QT dispersion correlates to myocardial viability assessed by dobutamine stress echocardiography in patients with severely depressed left ventricular function due to coronary artery disease.
ABSTRACT QT dispersion is prolonged in numerous cardiac diseases, representing a general repolarization abnormality.
To evaluate the influence of viable myocardium on QT dispersion in patients with severely depressed left ventricular (LV) function due to coronary artery disease.
103 patients with ischemic cardiomyopathy (LV ejection fraction [EF]: 25+/-6%) were studied. Patients underwent 12-lead electrocardiography to assess QT dispersion, and two-dimensional echocardiography to identify segmental dysfunction. Dobutamine stress echocardiography (DSE) was then performed to detect residual viability. Resting echo demonstrated 1260 dysfunctional segments; of these, 476 (38%) were viable. Substantial viability (> or =4 viable segments on DSE) was found in 62 (60%) patients. QT dispersion was lower in these patients, than in patients without viability (55+/-17 ms vs. 65+/-22 ms, P=0.012). Viable segments negatively correlated to QT dispersion (r=-0.333, P=0.001). In contrast, there was no correlation between LVEF and QT dispersion (r=-0.001, P=NS).
There is a negative correlation between QT dispersion and the number of viable segments assessed by DSE. Patients with severely depressed LV function and a low QT dispersion probably have a substantial amount of viable tissue. Conversely, when QT dispersion is high, the likelihood of substantial viability is reduced.
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ABSTRACT: It is well established that cardiac resynchronisation therapy (CRT) using biventricular pacing prolongs survival by its effects on pump failure. The rate of sudden cardiac death in patients undergoing CRT, however, remains high. Animal and human studies have shown that reversal of normal sequence of myocardial activation during epicardial pacing, as applied during CRT, increases the transmural dispersion of repolarisation (TDR), a substrate for ventricular arrhythmias. Cohort studies in humans suggest that CRT has a differential effect on the arrhythmogenic substrate, antiarrhythmic in some and proarrhythmic in others. This review the focuses on the possibility that CRT may, under certain circumstances, promote arrhythmogenesis.Indian pacing and electrophysiology journal 02/2008; 8(4):268-80.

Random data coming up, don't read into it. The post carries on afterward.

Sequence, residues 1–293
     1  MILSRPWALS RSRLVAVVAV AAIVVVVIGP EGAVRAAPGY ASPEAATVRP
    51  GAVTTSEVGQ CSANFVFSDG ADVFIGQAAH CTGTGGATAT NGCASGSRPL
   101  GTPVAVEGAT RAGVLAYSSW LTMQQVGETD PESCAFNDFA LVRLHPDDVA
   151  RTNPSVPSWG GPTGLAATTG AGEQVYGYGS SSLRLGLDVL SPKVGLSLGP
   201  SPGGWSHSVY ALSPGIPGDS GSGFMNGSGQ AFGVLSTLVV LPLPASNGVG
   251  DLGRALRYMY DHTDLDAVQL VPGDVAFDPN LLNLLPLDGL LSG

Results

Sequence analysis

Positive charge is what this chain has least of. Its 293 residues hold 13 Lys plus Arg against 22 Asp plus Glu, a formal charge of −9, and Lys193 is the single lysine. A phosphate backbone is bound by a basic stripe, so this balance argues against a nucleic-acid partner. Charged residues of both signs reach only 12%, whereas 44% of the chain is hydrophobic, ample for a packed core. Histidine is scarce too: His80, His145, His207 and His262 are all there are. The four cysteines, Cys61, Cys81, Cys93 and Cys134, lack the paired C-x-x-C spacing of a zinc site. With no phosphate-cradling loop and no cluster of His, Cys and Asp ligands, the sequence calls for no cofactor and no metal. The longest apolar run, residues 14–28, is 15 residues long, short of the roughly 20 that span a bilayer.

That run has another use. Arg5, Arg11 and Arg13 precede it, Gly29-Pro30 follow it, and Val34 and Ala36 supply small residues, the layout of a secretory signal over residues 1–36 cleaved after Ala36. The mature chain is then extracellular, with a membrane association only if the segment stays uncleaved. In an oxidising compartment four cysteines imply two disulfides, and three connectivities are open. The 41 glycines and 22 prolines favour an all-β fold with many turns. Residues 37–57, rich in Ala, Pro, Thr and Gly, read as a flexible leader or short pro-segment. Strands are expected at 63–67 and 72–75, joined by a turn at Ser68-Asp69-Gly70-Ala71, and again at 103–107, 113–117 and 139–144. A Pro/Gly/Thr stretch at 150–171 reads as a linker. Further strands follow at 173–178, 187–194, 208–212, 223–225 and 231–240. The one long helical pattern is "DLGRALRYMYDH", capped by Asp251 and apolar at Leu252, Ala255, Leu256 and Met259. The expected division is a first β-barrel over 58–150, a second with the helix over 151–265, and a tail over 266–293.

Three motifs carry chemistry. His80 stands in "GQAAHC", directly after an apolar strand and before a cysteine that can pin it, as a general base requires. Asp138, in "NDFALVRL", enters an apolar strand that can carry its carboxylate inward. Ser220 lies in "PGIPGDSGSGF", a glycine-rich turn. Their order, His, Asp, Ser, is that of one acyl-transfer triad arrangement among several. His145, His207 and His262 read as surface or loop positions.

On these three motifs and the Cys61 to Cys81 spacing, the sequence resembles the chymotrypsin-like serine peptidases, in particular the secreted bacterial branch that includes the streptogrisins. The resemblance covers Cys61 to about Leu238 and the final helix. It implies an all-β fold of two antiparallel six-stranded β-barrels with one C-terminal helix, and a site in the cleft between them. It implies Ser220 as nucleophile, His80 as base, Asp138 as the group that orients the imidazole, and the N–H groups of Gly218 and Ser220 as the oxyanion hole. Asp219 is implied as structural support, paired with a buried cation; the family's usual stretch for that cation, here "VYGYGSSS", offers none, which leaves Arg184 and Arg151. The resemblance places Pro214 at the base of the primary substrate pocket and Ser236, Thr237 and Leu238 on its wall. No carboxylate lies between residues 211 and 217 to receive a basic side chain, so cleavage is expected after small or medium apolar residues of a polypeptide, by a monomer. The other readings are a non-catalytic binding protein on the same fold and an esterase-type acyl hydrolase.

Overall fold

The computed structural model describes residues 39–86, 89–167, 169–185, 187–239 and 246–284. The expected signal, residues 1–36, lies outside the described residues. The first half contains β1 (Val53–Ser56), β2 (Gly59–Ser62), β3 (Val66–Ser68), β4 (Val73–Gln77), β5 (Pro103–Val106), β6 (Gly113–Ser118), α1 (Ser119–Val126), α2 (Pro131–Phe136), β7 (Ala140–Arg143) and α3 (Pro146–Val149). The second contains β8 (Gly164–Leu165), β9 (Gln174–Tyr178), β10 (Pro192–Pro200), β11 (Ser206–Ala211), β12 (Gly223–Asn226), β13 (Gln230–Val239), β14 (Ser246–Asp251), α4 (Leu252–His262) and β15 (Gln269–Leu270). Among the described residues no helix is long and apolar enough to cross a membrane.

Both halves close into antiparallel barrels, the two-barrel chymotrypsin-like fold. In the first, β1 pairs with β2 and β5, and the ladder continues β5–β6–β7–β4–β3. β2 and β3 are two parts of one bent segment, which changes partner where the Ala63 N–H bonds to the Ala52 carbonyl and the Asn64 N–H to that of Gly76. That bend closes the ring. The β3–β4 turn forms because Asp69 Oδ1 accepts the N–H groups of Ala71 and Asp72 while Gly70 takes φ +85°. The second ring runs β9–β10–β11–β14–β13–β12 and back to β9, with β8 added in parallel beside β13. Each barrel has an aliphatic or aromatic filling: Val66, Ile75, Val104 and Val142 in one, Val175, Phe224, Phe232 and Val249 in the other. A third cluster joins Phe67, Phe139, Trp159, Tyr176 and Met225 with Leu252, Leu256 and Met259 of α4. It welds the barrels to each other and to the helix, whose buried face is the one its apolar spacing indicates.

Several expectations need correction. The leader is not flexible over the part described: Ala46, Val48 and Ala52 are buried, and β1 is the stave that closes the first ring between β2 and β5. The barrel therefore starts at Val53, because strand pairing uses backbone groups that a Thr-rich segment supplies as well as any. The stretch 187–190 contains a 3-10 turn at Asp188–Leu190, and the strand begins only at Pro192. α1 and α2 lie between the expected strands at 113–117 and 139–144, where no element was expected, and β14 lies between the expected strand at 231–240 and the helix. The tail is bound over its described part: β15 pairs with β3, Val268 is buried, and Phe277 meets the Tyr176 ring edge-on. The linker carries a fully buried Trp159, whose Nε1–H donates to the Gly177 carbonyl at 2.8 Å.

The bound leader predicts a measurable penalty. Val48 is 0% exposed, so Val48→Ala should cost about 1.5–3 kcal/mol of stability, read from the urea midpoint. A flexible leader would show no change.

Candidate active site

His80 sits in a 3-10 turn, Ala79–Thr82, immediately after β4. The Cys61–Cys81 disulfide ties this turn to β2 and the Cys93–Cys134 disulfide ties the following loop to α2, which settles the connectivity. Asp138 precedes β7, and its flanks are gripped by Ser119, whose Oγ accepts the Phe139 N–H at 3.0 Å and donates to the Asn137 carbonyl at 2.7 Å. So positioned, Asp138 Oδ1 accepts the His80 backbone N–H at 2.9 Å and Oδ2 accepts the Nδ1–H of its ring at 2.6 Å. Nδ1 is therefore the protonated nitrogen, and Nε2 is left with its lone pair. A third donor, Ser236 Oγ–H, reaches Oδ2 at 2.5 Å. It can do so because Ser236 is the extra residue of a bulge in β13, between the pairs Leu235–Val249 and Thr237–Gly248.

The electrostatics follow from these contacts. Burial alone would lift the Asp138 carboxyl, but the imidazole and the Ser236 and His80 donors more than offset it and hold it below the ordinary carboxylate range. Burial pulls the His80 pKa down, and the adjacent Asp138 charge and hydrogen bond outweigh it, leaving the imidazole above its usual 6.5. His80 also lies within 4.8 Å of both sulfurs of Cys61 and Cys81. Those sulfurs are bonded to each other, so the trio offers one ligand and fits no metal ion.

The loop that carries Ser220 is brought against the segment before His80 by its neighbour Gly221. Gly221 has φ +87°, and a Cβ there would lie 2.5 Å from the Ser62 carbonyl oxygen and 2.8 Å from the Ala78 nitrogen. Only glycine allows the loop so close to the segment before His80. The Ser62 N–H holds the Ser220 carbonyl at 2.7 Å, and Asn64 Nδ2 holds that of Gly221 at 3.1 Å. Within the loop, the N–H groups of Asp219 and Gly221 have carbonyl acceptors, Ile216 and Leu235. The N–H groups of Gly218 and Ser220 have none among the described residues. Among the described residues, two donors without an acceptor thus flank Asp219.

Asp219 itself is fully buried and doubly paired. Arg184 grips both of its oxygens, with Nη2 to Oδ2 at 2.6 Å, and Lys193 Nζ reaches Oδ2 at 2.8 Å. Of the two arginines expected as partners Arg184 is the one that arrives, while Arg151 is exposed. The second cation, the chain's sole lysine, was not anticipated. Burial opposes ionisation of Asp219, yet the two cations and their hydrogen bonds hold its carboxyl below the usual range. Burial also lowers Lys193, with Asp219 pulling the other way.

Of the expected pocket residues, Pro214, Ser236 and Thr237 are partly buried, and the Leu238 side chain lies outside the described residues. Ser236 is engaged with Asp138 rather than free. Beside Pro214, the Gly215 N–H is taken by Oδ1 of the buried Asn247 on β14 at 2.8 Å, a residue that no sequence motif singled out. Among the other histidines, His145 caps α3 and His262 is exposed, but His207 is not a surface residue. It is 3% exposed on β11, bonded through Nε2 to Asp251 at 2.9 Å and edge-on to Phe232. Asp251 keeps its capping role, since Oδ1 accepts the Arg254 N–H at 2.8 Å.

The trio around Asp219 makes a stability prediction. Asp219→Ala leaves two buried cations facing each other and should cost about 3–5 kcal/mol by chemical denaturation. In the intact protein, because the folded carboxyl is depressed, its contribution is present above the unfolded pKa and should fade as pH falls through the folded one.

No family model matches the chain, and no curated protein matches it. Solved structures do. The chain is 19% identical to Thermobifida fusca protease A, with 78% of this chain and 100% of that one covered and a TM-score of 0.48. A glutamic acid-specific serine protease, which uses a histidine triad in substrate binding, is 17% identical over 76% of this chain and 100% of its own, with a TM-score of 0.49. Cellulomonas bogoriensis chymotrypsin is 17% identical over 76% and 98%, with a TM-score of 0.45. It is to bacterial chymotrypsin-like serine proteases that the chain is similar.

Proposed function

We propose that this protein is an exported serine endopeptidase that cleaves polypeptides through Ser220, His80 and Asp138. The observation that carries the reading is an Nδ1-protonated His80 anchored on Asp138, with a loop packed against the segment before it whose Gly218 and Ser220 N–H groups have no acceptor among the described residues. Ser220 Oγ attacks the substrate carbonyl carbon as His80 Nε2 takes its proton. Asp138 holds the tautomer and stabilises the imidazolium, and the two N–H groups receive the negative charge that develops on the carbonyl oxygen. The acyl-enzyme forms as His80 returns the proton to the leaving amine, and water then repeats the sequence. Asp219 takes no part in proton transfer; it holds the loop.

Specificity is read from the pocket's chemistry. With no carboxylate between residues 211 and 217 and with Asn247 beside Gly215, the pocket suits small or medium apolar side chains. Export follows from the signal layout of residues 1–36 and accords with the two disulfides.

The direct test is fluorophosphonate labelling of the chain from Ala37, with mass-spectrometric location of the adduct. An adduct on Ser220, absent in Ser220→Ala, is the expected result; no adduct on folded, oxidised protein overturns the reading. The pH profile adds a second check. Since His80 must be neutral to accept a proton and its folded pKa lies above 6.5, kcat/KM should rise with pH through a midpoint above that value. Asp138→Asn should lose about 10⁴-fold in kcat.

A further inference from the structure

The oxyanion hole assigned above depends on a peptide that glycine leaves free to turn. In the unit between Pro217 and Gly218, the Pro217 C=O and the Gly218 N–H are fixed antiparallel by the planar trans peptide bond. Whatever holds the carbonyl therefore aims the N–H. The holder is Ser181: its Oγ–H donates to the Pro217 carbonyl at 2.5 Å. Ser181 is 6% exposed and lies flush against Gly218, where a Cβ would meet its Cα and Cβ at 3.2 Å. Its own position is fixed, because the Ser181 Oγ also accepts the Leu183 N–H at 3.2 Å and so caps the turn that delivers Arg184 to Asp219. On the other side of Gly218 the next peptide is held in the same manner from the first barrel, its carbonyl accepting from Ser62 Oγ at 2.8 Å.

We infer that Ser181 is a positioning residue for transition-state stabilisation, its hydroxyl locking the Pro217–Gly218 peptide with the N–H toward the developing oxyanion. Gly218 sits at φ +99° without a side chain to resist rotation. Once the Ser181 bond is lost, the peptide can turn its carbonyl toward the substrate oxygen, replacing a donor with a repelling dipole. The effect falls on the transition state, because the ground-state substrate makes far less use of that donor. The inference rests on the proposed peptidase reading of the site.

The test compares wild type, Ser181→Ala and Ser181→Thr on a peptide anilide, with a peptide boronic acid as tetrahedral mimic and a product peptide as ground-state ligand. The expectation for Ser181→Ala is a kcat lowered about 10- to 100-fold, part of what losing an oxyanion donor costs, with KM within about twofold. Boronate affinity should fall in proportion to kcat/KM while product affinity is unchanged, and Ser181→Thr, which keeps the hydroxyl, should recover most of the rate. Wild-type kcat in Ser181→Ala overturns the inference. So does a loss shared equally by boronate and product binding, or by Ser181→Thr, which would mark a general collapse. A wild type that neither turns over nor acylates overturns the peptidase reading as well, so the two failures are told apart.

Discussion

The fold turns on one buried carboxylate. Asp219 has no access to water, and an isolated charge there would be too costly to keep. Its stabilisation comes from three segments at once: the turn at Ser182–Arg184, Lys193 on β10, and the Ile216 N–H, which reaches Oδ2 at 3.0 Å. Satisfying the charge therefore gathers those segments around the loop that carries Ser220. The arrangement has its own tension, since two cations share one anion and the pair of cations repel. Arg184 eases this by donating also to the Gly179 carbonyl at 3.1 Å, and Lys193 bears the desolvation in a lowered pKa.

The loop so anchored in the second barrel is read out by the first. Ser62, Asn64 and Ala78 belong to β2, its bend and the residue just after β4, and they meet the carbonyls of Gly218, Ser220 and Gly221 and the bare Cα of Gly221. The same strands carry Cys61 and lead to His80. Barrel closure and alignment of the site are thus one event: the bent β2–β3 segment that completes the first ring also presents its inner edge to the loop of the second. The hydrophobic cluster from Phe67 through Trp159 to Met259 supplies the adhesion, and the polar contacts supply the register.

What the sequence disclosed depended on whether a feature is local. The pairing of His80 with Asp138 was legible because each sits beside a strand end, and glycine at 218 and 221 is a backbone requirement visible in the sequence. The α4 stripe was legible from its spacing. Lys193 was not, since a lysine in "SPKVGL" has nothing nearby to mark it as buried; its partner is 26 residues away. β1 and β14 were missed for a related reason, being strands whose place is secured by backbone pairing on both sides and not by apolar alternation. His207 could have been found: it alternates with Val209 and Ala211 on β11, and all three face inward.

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ABSTRACT: The aim of the article is to review the literature data about the significance and problems of the QT dispersion and heart rate variability in sudden death risk stratification in patients with coronary heart disease. QT dispersion is defined as the difference between the longest and the shortest QT intervals as measured in the 12-lead electrocardiogram. A direct relationship between the prolongation of QT dispersion and myocardial ischemia has been reported by several authors. Our previous study showed that QT dispersion assessed immediately after bicycle exercise test was significantly higher in patients with coronary stenoses of > 50% as compared to the patients without coronary artery disease. Despite some controversial data, several studies showed that QT dispersion is a significant predictor of cardiovascular mortality. Heart rate variability representing a relationship between the autonomic nervous system and cardiovascular mortality, including sudden cardiac death, is one of the most promising markers. The predictive value of heart rate variability is independent of other factors established for postinfarction risk stratification, such as depressed left ventricular ejection fraction, increased ventricular ectopic activity, and presence of late potentials. For prediction of all-cause mortality, the value of heart rate variability is similar to that of left ventricular ejection fraction, but heart rate variability is superior to left ventricular ejection fraction in predicting arrhythmic events (sudden cardiac death and ventricular tachycardia).Medicina (Kaunas, Lithuania) 02/2006; 42(6):450-4. · 0.55 Impact Factor
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ABSTRACT: The aim of the present study was to evaluate a possible association between QT dispersion (QTd) and the amount of viable and scarred myocardial tissue after revascularization in patients with coronary artery disease and impaired left ventricular (LV) function. Twenty-two patients with ischemic LV dysfunction underwent dobutamine stress echocardiography (DSE) before and 6 months after surgical revascularization. Mean corrected QT-interval value and QTd were calculated at baseline and follow-up. Segments consisting of transmural scar were determined as the segments that remained akinetic in all stages of DSE despite reperfusion. Patients were divided into 2 groups according to the number of definitive segments consisting of transmural scar (minor scar group, < or =2 scarred segments; major scar group, >2 scarred segments). QTd was significantly lower in the minor compared with the major scar group at baseline and follow-up (mean [SD], 61  vs 98  milliseconds, P = .008, and 45  vs 68  milliseconds, P = .01, respectively). Segments consisting of transmural scar positively correlated to QTd at baseline (r = 0.53, P = .01) and follow-up (r = 0.62, P = .002). QTd is positively correlated with the extent of scarred myocardial tissue assessed by DSE. Surgical revascularization results in reduction of QTd in all patients with hibernating myocardium and LV dysfunction.Journal of Electrocardiology 01/2006; 39(1):103-9. · 1.09 Impact Factor